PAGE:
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Head to Eastern Market for new Tuesday shopping days

More fresh food and fun awaits during a new day of shopping at Eastern Market. From July 12 through Sept. 27, Shed 2 of the open-air marketplace will be open to the public -- a great way stock up on eats while avoiding the Saturday crowds. Stop by every Tuesday this summer from 11 a.m. to 7 p.m. Shed 2 is located at the corner of Russell and Winder streets.


"Detroit Eastern Market Tuesdays" will feature a sampling our historic Saturday Market experience though the inclusion of farmers, flowers, produce dealers, specialty products, and prepared-food vendors. In addition, "Tuesdays" will be a weekly community celebration including special events highlighting the agricultural, social, culinary, and artistic treasures of our city, region, and state.

Find out more here.

Video: Chronicling Detroit's two-wheeled transformation

Set to smooth hip-hop beats, this 13-minute doc called "Detroit Bike City" celebrates our city's ever-growing trend toward two wheels. From bike clubs like the East Side Riders to tricked-out rides and kids learning about bikes at The Hub, this video is a beauty. Filmed and produced by Alex Gallegos.

Watch the doc here.

Grace Lee Boggs: How a Detroit Summer plants the seeds of revolution

When longtime Detroit activist Grace Lee Boggs started the Detroit Summer program in 1992, her vision was of a multi-generational collective sharing ideas and efforts to rebuild the community. She knew the work would be slow -- one empty lot, one potluck, one garden at a time.

But in a passage from her new book, The Next American Revolution: Sustainable Activism for the 21st Century, Boggs says she rejected the more typical (and large-scale) frameworks of a left-wing organization or sizable nonprofit, noting, "the system continues to function because neither carries the potential to transform society."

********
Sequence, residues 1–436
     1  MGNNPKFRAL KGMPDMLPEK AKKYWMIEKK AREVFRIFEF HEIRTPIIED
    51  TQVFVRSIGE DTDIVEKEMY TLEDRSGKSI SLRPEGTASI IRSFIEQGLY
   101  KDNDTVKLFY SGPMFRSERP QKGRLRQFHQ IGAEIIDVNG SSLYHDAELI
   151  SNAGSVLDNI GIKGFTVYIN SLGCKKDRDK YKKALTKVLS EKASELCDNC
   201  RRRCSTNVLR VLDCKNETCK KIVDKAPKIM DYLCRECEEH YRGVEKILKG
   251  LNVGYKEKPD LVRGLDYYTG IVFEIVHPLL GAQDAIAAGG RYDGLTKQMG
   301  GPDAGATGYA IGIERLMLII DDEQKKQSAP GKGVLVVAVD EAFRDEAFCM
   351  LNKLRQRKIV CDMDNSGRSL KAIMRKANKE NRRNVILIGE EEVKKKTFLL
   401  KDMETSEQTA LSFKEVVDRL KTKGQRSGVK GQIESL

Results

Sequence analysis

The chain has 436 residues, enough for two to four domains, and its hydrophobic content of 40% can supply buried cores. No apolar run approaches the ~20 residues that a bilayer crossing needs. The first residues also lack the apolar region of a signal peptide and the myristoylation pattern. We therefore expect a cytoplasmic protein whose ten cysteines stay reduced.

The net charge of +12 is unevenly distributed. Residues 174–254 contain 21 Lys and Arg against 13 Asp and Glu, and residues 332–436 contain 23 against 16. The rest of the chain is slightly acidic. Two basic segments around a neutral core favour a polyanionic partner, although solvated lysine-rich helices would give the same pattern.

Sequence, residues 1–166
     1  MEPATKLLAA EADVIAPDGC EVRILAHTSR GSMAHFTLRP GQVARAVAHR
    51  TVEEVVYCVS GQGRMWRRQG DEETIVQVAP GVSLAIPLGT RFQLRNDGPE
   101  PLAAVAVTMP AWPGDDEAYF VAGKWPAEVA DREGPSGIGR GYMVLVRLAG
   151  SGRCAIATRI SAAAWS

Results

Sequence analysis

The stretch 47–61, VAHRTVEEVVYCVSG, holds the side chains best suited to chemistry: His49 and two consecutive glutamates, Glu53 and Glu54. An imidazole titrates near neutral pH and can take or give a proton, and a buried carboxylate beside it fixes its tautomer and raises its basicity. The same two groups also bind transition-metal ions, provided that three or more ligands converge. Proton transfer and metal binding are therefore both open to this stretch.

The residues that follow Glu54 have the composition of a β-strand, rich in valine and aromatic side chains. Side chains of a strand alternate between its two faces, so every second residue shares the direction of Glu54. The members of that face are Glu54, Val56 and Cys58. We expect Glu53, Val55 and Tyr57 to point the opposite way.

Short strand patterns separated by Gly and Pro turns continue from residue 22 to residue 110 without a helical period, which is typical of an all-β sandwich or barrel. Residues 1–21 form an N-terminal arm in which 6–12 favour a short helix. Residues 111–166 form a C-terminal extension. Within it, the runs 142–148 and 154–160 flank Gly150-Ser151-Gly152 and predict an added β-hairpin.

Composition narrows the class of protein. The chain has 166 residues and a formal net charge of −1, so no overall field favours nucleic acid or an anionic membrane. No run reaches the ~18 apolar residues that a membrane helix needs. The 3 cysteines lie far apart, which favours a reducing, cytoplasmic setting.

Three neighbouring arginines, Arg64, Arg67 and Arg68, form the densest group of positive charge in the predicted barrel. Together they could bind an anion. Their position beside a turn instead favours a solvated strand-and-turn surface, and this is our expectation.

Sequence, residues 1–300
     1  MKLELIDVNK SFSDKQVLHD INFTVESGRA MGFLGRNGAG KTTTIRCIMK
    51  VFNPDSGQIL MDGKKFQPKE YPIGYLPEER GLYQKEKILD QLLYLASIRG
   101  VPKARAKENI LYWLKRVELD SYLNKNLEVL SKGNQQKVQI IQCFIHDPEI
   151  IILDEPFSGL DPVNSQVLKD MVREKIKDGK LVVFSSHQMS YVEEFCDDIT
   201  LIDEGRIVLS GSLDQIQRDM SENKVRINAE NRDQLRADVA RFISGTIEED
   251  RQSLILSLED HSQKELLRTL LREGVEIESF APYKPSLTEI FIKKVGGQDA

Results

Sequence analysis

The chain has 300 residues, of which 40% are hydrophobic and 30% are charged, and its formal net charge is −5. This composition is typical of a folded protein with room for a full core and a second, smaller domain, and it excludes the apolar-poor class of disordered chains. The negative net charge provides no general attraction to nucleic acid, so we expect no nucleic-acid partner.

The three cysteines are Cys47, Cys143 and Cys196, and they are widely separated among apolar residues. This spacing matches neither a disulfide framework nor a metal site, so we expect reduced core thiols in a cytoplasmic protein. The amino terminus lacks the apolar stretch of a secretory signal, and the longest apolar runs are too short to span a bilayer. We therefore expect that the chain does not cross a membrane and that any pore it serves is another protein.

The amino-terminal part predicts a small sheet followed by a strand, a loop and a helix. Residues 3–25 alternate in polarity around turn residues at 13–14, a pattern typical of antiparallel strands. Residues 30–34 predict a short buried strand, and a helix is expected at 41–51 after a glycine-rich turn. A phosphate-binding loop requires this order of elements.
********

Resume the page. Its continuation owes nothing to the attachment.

" ... our hope was that Detroit Summer would bring about a new vision and model of community activism -- one that was particularly responsive to the new challenges posed by the conditions of life and struggle in the postindustrial city. We did not feel this could be accomplished if control of our activities was ceded to the dictates of government or the private sector, even though this meant that we would be working on a small scale. However, by working on this scale, we could pay much closer and greater attention to the relationships we were building among ourselves and with communities in Detroit and beyond.

Read more here.

The future of Cass Avenue, a struggle between commercial growth and gardens

Mlive's Jeff Wattrick produced an in-depth commentary on the fate of the two Cass Corridor land parcels sold to Midtown doggie daycare Canine to Five. The land's been informally used by Birdtown Gardens for urban gardening.

As Wattrick writes, this was about more than just one garden -- it's bound to be a guiding case for City Council as Detroit attempts to rectify its interests in urban agriculture with the needs of local entrepreneurs like Canine's Liz Blondy. And while Wattrick supports the desires of urban agriculture, he warns that, without entrepreneurs, gardening alone won't save the city.


Still, Detroit has 60,000 vacant city-owned parcels. Even if gardening doesn't help make Detroit "look like Chicago," to quote Councilman Ken Cockrel, it is an exponentially better use for vacant land than ad hoc tire dumps or shooting galleries for dopeheads. Even the densest of cities, say Manhattan, find small pockets for green space. In other words, there is plenty of room for Detroit to be a real city while accommodating reasonable urban gardening.

Read the whole article here.

Green Garage to expand by summer's end

Between five and eight environmentally-focused companies will move into Tom and Peggy Noonan's Green Garage in Midtown, which will roll open its doors to offer Detroit a sustainable center for going green. The couple, who purchased the warehouse with retirement money, have transformed the vacant building into an almost completely efficient building (think rain water catching systems, solar panel energy and more). A team of entrepreneurs working out of the Garage are also doing business by the same ethos.

One company moving into the Green Garage is building furniture -- but this isn't your ordinary hand-crafted stuff.


Their merchandise will be made from wood and other materials they gather from abandoned homes in Detroit. The entrepreneur plans to purchase the materials from the rightful owners, such as the city or a bank. To make the furniture more meaningful, the owner plans to engrave the house address that the materials came from right onto the furniture. He also plans to include a brief history of the home the material came from so the owner of the furniture can own a small piece of Detroit's history.

Check out the story and slideshow here.

Spin a Movement bike tour with Wheelhouse Detroit